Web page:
7 ways to improve online reviews
Online reviews hold tremendous power. Case in point: last month, before dining at a restaurant that was recommended to me, I quickly looked up its rating on Google. The first couple of reviews mentioned “bland food” and “bug in my food.” Needless to say, I never walked in the restaurant (or trusted my friend’s restaurant recommendation again).
93% of consumers say online reviews have an impact on their purchase decision and 97% of consumers looked for reviews of local businesses in 2017. Online customer reviews have a profound impact on your business and it’s important to improve your online reputation to increase your share of wallet and create social proof.
In this post, we explore 7 ways to improve your online reviews and manage your reputation online.
1. Educate your customers on leaving reviews
77% of consumers would be willing to write a review if asked, but with so many review sites, many don’t know where to leave them. Taking a minute to educate your customers on the value of leaving a review can be vital for your company.
For instance, you could have your account managers ask your customers to leave a review when they’re talking to them on the phone, or ask them to leave a review on their next invoice. You could also have a countertop display at your physical location explaining how to leave a review and which site to do it on, and make review cards to hand out to customers. Once your promoters understand how valuable their reviews are, they’ll want to leave one.
2. Provide excellent customer service
Consumers today are looking for an excellent customer experience and it’s no coincidence that the companies who provide great customer service have better reviews. Customer experience must be at the center of everything you do and your customers should always feel appreciated.
According to American Express, consumers tell an average of 15 people about a poor service experience, so it’s important to provide great service or those people may leave a negative review. To improve customer service, offer multiple channels of customer support, optimize wait and response times, and proactively close the loop with your customers.
3. Optimize listings on each platform
On each major review site you can claim your listing and create a business profile. This allows you to update the listing with current information and photos. Your description should be meaningful and invite consumers to check out your product or service. Optimized listings improve your online presence and search engine traffic.
4. Respond to negative reviews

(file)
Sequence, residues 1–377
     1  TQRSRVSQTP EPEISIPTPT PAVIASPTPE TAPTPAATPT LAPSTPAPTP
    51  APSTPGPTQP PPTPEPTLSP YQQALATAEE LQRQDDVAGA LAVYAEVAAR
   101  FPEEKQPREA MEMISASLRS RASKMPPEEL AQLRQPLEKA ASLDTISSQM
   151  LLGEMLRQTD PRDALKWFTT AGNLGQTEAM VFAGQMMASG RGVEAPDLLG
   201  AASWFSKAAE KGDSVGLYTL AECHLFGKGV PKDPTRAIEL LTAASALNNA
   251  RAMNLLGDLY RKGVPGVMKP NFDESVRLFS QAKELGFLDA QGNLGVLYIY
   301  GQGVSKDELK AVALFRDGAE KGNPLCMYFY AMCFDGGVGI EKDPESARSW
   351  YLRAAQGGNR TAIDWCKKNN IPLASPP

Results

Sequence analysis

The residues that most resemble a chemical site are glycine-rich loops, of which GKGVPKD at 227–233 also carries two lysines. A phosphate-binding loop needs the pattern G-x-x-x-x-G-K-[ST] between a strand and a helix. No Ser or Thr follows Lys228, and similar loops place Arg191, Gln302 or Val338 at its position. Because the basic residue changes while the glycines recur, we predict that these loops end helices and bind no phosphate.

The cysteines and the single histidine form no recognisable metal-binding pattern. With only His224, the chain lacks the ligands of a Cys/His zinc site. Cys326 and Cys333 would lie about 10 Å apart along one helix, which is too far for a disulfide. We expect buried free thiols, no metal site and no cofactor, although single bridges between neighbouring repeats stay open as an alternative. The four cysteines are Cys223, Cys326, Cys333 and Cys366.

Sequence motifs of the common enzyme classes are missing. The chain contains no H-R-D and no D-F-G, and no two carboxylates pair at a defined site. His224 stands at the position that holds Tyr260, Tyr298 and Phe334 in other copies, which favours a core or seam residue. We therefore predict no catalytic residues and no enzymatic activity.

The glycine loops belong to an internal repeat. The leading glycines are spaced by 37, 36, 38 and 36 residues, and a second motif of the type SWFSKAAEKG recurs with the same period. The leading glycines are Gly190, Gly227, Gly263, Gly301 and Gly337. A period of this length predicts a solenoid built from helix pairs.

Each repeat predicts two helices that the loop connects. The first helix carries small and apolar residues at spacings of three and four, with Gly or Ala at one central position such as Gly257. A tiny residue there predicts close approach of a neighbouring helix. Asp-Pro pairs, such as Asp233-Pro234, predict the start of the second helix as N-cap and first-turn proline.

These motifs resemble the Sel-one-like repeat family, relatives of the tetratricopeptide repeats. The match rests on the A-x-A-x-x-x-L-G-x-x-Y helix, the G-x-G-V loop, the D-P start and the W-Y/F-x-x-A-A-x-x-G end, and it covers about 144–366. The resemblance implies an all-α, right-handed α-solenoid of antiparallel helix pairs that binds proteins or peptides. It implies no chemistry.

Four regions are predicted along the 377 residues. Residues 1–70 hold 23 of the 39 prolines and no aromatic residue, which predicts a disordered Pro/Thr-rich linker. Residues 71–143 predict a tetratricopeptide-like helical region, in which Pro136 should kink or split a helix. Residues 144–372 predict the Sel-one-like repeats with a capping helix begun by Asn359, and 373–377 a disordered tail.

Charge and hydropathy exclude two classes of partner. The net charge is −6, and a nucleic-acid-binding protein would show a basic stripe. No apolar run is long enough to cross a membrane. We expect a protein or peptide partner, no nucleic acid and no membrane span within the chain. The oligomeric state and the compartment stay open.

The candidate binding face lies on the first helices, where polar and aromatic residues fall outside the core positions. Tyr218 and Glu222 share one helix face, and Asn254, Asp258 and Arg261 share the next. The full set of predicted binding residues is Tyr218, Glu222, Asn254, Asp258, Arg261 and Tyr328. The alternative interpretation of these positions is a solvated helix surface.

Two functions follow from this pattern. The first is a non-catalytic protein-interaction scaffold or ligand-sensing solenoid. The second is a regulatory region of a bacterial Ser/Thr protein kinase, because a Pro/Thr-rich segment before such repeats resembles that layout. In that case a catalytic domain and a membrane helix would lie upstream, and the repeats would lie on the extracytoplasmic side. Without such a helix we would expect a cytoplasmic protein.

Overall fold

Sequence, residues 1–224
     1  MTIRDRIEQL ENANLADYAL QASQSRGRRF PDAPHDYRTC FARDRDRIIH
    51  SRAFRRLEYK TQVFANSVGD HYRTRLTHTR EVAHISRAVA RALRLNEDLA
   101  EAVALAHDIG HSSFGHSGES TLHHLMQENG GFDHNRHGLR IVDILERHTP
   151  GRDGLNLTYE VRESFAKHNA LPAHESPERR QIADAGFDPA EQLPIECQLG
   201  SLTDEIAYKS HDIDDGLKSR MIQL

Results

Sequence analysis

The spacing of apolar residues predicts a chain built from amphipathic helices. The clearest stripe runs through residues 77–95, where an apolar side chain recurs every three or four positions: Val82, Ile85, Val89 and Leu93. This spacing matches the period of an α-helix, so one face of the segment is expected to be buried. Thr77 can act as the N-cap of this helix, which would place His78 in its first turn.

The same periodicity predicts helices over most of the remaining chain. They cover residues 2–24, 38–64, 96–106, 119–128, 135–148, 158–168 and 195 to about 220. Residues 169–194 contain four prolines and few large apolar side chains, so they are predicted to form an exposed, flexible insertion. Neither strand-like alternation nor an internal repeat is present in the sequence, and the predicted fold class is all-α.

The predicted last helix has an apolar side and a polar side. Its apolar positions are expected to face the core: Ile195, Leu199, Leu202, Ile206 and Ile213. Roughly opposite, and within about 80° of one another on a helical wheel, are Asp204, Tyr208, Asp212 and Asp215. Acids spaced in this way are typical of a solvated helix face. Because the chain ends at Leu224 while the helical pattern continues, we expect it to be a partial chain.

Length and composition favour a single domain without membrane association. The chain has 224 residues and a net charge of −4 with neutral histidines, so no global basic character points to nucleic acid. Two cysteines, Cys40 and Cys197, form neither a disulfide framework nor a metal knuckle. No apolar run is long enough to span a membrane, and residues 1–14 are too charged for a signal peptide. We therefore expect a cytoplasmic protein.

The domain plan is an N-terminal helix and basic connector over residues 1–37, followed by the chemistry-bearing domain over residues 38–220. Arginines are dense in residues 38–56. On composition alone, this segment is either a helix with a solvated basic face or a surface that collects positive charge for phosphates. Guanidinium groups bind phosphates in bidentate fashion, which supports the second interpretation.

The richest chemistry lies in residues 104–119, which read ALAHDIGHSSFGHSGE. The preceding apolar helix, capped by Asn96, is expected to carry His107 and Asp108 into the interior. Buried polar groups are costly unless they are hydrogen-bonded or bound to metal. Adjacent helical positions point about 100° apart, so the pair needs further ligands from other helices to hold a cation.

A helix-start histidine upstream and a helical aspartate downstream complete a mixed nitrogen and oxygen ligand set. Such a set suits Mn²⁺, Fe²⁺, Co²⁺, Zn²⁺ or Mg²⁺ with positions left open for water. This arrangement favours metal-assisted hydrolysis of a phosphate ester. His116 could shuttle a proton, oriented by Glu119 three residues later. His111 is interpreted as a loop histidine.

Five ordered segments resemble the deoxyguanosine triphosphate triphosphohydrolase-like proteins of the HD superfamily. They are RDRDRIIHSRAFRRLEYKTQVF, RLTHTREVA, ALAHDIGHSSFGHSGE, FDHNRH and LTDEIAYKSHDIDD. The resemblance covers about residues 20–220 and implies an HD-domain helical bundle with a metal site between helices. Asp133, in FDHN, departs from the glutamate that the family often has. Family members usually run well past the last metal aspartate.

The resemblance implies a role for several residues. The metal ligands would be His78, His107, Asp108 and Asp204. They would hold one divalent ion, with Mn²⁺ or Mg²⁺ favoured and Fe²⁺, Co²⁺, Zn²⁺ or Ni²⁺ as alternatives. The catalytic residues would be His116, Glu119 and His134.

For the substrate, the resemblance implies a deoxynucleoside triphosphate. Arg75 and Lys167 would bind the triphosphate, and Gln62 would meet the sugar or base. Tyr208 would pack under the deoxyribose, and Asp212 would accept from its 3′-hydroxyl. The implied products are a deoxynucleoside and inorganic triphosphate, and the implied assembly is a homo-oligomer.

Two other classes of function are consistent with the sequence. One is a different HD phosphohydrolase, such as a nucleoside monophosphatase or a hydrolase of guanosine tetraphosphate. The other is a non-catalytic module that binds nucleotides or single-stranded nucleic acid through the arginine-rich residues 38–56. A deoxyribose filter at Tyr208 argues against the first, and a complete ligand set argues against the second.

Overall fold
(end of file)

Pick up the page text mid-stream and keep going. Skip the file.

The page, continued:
No company likes getting negative reviews, but it’s important to respond to negative reviews as not doing so tells your customers that you don’t care about their feedback. When responding, always let the customer know that you hear them and you’re willing to make it right. Offer to take the situation offline and empathize with the customer. This tells your current customers that you care about their experience with your company and gives potential customers confidence to do business with you. It’s important to respond to negative reviews on listings as well as social media.
5. Constantly monitor your online presence
There are hundreds of review sites and your company could be on any of them. It’s critical that you look for reviews of your company everywhere, even if it’s not on the sites you usually use like Google Maps, Yelp, and TripAdvisor. This can be a time-consuming process, so using reputation management software can help you monitor your reviews across multiple sites and track trends in sentiment or topic over time so you can see how you’re doing.
6. Ask for reviews through survey requests
At the end of a survey you’ve sent to your customers, ask if they’re willing to leave a review on the site of your choice. If they answer “yes,” provide them a link directly to the review platform of your choice. You’ll need a survey platform that utilizes survey logic to determine if the customer will leave a positive or negative review, so you can encourage only your promoters to share their experience publicly. If they’ve had a bad experience, you’ll still want to hear more about it — after all, that’s how you improve! — but make sure you provide them with a private channel to do so rather than on popular public sites.
7. Offer an incentive
Although many customers will give a review without an incentive, offering an incentive can be helpful if your business is just new or you’re trying to get reviews quickly (it can be a red flag though if you get too many reviews too fast, so try to stagger them). Review sites frown upon companies paying customers for reviews, but offering discounts, coupons, or a small freebie is perfectly fine. Also, ensure customers know that getting the incentive is not conditional for leaving a positive review.
See how online reputation management can help
August 16, 2023
Seats upright, trays stowed: Virgin Australia takes off with customer-led innovation
August 16, 2023
Patient-centric innovation isn’t a numbers game – it’s a people game
August 14, 2023
Who’s responsible: You or the machine? Everything you should consider about AI
August 7, 2023
Artificial Intelligence has already disrupted the contact center – it’s time to embrace it
August 6, 2023